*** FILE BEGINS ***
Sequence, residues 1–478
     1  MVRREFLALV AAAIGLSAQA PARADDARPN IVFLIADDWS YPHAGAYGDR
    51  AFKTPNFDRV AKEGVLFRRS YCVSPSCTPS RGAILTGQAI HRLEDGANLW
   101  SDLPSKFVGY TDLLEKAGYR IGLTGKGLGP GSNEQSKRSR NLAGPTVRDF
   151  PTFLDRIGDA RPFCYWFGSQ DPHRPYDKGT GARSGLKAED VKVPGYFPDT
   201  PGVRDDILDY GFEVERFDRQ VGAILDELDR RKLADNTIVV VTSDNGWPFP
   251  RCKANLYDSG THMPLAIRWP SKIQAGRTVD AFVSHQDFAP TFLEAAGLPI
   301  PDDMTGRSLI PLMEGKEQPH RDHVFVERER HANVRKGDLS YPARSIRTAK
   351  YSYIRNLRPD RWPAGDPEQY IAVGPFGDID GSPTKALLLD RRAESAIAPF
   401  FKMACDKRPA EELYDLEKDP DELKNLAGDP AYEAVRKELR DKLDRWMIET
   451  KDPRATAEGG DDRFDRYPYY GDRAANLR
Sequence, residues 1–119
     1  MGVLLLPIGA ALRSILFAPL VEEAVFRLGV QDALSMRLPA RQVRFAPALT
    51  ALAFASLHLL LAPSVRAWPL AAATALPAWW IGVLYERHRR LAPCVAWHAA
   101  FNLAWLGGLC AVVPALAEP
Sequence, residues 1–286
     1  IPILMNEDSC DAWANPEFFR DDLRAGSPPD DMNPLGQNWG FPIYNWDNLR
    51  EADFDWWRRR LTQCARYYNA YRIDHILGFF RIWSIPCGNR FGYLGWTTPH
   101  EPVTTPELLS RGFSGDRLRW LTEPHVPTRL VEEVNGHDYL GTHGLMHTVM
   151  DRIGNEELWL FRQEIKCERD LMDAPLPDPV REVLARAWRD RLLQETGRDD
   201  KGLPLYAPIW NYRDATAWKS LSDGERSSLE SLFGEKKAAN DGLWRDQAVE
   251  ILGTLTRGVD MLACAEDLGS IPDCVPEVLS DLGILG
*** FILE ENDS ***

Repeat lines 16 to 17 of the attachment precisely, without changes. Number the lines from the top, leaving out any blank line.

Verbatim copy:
Sequence, residues 1–286
     1  IPILMNEDSC DAWANPEFFR DDLRAGSPPD DMNPLGQNWG FPIYNWDNLR